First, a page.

A little bit about Hookup Culture: I have 163 followers on WordPress, over 300 likes on Facebook, and 400 followers on Twitter. I take a lot of time to grow those numbers, so sorry I had to brag about it a little :). This blog has become like my baby. I love each and every person that has even given my blog a view because I never knew I could average hundreds of views per week.

A little bit about me: I’m 22 years old, single and writing about it, and trying to enjoy my postgrad life. I’m a Communications Assistant at a non profit. I am so happy to¬†be able to do what I love (which is social media/marketing/communications/new media) while helping people. I am also beginning to dip my feet into freelance blogging. Some fun facts:

  • October is my favorite month and Halloween
    is myfavorite holiday.
  • I live for Tim Burton movies.
  • I often like animals more than I like people.
  • I’ve been writing short stories and poetry since at least 5th grade.

image1A hugeeee thank you to anyone and everyone who has even peeked at my blog before. I hope you continue to enjoy it! My goals are just to become even more involved in the blogging community and establish a place for myself here. This blog has always been a way for me to vent, but now it’s just become so much more and I couldn’t be more grateful ūüôā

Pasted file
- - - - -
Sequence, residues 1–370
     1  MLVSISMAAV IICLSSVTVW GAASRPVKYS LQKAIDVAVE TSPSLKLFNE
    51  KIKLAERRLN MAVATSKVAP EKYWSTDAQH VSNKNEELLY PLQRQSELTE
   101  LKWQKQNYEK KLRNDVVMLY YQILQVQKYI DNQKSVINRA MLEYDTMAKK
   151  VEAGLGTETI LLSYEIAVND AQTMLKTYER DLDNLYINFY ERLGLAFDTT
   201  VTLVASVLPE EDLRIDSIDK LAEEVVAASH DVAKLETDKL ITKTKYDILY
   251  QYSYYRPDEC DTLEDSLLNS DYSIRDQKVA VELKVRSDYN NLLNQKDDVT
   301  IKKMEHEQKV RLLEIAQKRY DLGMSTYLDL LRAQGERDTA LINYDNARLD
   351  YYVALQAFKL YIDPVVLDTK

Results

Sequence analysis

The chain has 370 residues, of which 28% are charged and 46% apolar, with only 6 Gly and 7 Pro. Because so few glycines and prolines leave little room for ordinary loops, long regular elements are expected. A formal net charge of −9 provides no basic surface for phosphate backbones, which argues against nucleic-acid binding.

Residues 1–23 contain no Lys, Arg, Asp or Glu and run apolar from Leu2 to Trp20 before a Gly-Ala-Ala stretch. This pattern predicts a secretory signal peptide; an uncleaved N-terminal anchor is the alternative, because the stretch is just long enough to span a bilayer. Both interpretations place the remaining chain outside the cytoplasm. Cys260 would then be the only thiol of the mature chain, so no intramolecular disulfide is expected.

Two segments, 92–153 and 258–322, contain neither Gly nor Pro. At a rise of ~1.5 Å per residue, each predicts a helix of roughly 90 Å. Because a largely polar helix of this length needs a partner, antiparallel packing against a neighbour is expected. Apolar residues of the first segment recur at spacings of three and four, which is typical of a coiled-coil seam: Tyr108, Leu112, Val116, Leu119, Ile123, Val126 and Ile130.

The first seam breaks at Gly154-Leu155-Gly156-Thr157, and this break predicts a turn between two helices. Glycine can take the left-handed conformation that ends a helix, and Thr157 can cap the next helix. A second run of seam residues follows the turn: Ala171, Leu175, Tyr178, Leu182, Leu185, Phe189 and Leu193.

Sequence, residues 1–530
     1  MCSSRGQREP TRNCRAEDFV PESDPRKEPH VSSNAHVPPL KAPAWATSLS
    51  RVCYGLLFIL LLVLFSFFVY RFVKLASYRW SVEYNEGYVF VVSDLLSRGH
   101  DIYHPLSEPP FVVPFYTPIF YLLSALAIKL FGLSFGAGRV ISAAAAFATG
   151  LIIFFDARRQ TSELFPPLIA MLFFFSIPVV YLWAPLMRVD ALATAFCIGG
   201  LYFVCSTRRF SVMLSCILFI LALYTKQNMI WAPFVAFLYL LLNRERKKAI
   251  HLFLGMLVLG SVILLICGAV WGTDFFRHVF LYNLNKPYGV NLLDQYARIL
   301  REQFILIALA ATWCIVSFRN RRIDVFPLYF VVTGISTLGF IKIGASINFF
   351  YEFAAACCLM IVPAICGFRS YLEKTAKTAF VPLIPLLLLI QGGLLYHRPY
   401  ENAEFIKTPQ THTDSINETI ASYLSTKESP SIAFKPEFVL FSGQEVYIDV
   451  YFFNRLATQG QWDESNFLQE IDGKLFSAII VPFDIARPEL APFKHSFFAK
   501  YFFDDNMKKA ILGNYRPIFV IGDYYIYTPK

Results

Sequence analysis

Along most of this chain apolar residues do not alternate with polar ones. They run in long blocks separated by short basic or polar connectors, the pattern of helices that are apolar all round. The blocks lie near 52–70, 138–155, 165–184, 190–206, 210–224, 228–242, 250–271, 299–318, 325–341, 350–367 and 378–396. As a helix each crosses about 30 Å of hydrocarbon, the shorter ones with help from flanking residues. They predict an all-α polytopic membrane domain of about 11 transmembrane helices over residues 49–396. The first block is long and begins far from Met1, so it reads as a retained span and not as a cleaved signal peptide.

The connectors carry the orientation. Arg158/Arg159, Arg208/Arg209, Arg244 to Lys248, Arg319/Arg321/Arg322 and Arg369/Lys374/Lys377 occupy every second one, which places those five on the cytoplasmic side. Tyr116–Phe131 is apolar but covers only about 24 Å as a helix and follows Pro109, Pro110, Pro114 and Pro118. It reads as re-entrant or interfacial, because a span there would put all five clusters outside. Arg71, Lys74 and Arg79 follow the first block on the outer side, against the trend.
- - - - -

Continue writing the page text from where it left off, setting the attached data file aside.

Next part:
A Rejected Postgrad


It kind of seems like people have been telling my generation our whole lives that the job market sucks. ¬†It has been a topic of conversation ever since we were in middle school and didn’t even have ability to stare 5 years into our future and think about what we wanted to major in when we got to college.

When forced to start thinking about it as we emerged into our teen years, we all threw out some ideas that seemed like good careers that would make us happy. We wanted to be teachers, nurses, artists, and psychologists. We wanted to teach people, help people, create, and cause change.

But teachers don’t make money – we were told. ¬†Everyone wants to be a nurse, it’s too competitive – we were told. An artist isn’t a career – we were told. ¬†You aren’t going to go anywhere with that unless you want to be in school for the rest of your life – we were told.

I always wanted to do something with English and creative writing, I even listed it as my major when I made my first scary steps into college. But questions flooded me – what are you going to do with that? Do you think you’ll make any money? You consider that a career?